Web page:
This is also sad:
That article is sad because the author concedes the number one problem with modern trail “advocacy” organizations, on paper, for everyone to see. The number one problem with S-advocacy groups is that no good, advanced trails that satisfy advanced riders will ever be built at a public riding area ever again. It will only be greens and blues, forever. But don’t listen to me, listen to Morgan Taylor, a huge proponent of the North Shore Mountain Bike Association and head of (yes, this is the real name) Project Dumbing Down The Shore:
“You either cut a “rogue” line for yourself and a few friends in an area that doesn’t have existing trails, or you work with the local advocacy association on trails that satisfy the land managers and the advocacy association’s vision.”
That’s a bummer to hear from someone who’s in a position to affect policy. These trail building associations are in a position to legitimately fight for good trail for everyone, not just blues and greens for beginners. Of course we all want trails for beginners and intermediates. I don’t think anyone is saying there should be no green or blue trails. But:
Let me break this down for you:
Relatively speaking, it’s really easy to get a land manager to approve benchcut, low-grade, traversing trails that have no rocks, roots, jumps, or anything interesting or dangerous about them and are guaranteed to drain all the time in any weather with absolutely zero maintenance ever. In fact, there is nothing easier to get approved in the world of mountain biking advocacy. That is what we would call “the minimum” that a mountain bike advocacy group would consider a success, because anything less than FBS would not be a trail, it would be a road.
Unless you push hard and negotiate for what I’m going to call Tough Scary Shit (TSS for short, advocacy groups love buzzwords and acronyms), then we’ll never know what land managers would be willing to do. If all you ever ask for is Flat Boring Shit (FBS), and you roll over and accept any offer to build FBS without any pushback, requests, or exploration into the possibility of building TSS, then:
Ever. And trail advocacy groups are kind of okay with this status quo.
I’m going to borrow some points from Wikihow’s article “How to Negotiate.” But just to be clear, this whole “negotiating” thing is not a new idea. To prove that this is not a new idea, I’m going to include a picture of some old dead guys from a really long time ago shaking hands over the Treaty of Ghent:
1. Decide on your break-even point.
“In financial terms, this is the lowest amount or cheapest price you will accept in the deal. In non-financial terms, this is the “worst-case scenario” you are willing to accept before walking away from the negotiating table. Not knowing your break-even point can leave you accepting a deal that is not in your best interest.”
2. Know what you’re worth.
“Is what you’re offering hard to come by, or is it a dime a dozen? If what you have is rare or noteworthy, you have the better bargaining position. A hostage negotiator, for example, isn’t offering anything special, and needs the hostages more than the abductor needs the hostages. In order to compensate for these deficiencies, the negotiator must be good at making small concessions seem big, and turn emotional promises into valuable weapons. A rare gem vendor, on the other hand, has something that is rarely found in the world. This puts her in excellent position to extract extra value from the people she’s negotiating with.”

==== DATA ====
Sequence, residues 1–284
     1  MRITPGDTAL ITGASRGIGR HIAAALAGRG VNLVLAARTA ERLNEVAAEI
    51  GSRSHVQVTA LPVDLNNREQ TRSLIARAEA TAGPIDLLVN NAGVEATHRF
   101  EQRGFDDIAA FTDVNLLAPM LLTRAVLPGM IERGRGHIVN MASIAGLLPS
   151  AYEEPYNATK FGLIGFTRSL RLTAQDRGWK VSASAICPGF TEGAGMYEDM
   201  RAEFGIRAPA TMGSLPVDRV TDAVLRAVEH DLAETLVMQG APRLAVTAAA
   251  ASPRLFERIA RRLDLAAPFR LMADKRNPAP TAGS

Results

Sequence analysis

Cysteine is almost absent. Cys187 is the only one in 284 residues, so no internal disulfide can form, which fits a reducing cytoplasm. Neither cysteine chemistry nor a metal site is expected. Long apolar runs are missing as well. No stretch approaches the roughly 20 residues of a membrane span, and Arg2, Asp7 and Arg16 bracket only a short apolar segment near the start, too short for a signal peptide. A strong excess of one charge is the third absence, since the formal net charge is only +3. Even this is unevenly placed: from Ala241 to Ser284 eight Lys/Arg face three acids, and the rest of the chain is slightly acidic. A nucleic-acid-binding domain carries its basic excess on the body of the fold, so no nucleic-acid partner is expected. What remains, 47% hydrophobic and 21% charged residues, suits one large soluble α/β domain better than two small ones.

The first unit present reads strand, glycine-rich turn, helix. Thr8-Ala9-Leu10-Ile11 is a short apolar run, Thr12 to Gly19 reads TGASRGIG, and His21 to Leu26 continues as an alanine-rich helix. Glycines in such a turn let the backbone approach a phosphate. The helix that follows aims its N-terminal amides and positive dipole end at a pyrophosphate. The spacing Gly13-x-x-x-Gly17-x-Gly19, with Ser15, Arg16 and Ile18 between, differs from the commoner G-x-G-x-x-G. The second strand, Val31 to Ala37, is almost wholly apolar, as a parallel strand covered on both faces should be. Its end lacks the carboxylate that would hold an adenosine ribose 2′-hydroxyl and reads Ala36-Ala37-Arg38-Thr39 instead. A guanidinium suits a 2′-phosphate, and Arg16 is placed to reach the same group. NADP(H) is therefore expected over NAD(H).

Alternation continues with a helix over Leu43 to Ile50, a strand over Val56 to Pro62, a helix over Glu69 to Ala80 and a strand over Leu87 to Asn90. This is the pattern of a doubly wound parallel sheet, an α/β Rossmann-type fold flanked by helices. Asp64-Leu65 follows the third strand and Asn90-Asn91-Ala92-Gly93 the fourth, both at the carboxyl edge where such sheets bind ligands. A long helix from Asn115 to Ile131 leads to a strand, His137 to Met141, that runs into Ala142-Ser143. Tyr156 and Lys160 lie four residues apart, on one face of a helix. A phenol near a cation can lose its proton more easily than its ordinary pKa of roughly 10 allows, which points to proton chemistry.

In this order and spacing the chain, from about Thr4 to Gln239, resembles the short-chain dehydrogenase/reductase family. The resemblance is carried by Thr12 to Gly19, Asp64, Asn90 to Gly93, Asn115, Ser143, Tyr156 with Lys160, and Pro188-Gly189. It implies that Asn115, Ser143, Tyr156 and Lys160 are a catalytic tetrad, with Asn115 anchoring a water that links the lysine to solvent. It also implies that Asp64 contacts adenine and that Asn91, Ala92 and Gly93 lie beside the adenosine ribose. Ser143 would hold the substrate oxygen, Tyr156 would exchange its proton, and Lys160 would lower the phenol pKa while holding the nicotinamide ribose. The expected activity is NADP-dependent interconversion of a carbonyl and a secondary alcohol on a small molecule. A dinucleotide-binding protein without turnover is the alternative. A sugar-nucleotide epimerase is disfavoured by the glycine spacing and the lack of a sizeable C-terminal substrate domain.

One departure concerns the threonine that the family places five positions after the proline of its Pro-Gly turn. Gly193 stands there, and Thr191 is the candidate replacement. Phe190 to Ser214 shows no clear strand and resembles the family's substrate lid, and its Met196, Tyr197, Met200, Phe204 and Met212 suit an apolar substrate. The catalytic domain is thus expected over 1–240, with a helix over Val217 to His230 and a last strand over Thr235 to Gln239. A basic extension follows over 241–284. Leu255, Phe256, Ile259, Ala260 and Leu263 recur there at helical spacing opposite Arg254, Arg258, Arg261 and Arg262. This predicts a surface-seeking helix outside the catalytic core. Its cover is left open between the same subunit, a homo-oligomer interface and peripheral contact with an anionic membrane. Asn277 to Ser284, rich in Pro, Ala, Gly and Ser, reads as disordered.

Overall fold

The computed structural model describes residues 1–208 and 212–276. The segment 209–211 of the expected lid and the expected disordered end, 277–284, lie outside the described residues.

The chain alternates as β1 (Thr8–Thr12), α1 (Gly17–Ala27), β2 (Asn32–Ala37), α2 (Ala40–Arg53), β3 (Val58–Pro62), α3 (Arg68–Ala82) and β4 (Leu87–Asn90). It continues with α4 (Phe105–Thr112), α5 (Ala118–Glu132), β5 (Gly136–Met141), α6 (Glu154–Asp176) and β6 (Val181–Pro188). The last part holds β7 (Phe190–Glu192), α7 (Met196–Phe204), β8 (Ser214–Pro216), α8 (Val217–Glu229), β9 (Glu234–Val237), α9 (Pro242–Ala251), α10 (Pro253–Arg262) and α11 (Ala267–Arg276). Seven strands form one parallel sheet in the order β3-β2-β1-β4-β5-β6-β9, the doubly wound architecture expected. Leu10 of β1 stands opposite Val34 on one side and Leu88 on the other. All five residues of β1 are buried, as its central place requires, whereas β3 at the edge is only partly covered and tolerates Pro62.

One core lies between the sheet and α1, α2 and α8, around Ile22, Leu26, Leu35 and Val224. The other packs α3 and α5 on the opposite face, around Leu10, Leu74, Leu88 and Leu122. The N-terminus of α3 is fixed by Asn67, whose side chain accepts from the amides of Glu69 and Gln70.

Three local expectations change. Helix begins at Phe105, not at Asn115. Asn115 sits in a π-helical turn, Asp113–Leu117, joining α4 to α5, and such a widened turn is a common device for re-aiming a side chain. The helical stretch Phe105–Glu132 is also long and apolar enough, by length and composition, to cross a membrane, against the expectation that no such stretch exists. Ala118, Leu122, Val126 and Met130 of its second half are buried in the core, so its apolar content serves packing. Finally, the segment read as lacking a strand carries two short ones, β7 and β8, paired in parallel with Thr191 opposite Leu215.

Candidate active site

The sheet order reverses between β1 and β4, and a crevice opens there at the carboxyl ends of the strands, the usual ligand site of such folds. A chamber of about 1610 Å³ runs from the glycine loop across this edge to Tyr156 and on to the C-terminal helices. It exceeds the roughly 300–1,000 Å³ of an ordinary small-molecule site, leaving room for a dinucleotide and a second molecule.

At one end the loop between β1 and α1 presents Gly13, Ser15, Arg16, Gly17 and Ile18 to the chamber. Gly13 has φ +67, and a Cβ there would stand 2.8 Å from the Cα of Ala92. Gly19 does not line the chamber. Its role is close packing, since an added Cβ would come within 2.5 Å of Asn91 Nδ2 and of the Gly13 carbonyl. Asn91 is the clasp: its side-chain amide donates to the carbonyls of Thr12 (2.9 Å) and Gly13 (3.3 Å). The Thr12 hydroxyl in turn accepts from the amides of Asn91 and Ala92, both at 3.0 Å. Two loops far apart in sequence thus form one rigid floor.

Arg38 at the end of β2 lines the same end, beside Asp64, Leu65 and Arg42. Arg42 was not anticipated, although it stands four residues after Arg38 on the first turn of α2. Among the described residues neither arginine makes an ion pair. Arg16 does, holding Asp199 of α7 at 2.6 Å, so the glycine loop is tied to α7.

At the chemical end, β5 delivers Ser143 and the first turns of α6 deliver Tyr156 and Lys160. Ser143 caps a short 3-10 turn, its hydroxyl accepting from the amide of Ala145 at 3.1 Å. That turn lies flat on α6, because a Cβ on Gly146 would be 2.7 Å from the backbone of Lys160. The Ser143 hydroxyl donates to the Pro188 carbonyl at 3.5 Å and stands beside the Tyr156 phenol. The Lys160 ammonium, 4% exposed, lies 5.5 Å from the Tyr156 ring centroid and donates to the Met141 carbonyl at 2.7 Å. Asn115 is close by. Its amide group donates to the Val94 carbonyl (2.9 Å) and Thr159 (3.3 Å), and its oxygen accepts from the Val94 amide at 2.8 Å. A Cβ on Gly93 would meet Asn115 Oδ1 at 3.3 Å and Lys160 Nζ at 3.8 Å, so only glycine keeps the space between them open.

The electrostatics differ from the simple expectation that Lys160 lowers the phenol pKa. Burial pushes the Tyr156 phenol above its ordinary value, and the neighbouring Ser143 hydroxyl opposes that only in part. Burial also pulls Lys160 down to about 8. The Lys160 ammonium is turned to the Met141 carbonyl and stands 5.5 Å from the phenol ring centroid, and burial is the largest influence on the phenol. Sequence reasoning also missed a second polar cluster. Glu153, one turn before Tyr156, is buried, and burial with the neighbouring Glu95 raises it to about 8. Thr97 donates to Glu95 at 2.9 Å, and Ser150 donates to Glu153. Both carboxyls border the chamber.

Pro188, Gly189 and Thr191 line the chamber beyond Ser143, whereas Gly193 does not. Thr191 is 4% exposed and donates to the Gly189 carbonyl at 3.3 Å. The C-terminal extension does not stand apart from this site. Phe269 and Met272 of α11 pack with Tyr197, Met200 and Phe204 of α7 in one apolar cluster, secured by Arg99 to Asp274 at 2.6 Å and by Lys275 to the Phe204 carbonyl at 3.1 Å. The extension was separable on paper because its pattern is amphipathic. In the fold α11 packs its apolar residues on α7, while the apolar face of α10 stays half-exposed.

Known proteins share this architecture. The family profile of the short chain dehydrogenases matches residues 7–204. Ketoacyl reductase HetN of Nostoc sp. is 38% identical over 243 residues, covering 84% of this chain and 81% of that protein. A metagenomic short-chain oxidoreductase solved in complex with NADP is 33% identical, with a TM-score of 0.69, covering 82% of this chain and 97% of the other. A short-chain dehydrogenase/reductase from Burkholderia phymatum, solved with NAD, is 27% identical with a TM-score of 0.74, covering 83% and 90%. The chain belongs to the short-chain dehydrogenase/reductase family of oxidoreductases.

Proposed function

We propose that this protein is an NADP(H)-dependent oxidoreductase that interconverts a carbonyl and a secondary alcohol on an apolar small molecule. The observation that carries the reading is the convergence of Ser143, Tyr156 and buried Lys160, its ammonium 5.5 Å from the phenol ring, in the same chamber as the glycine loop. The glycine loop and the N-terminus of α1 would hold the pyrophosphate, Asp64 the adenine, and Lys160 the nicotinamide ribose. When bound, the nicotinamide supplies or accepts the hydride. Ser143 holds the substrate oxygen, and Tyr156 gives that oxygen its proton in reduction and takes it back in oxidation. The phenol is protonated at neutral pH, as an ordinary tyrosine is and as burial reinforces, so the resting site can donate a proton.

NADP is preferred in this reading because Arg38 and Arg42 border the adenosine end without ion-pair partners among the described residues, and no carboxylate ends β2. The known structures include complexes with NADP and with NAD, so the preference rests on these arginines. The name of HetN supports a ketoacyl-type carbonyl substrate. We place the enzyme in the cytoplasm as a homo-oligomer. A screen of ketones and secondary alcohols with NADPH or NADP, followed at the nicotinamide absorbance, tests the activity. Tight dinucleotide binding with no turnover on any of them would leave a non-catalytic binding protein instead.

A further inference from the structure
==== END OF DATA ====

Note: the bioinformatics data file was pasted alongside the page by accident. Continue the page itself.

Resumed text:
3. Don’t feel rushed.
“Don’t underestimate your ability to negotiate for what you want by simply outlasting someone else. What often happens in negotiations is that people get tired and accept a position that they wouldn’t ordinarily accept because they’re tired of negotiating. If you can outlast someone by staying at the table longer, chances are you’ll get more of what you want.”
4. Be ready to walk away.
“You know what your break-even point is, and you know if that’s not what you’re getting. Be willing to walk out the door if that’s the case. You might find that the other party will call you back, but you should feel happy with your efforts if they don’t.”
5. Depending on the situation, open extreme.
“Starting high is important because you’ll most likely be negotiated to a lower level. Don’t be scared to make an outrageous request. You never know — you might get it! And what’s the worst that could happen? Remember that this is business, and if they don’t like your offer, they can always counter-offer. If you don’t take advantage of them, remember that they’ll take advantage of you.
6. Never give away without getting something in return.
“If you give something away “for free,” you’re implicitly telling the other person that you think your bargaining position is weak. Smart bargainers will smell blood and swarm you like sharks in water.”
7. Ask for something’s that’s valuable to you but doesn’t cost them much.
“Having both parties feel like they’re on the winning side of the negotiation is a good thing. And contrary to popular perception, negotiation doesn’t have to be a zero-sum game. If you’re smart, you can get creative with what you ask for.”
If your local Sadvocacy group has helped build or develop ten mountain bike riding areas, and zero of those ten riding areas has advanced trails, that is nothing less than a total defeat at the bargaining table and it doesn’t leave much room for positive interpretations. There is a short list of explanations:
1. The Sadvocacy group is run by complete amateurs and could not bargain milk out of a cow.
2. The Sadvocacy group doesn’t care about your desire for advanced trails and will never bargain for your interests.
3. The Sadvocacy group believes that they have no bargaining position whatsoever, and thus must accept whatever scraps they receive at the table.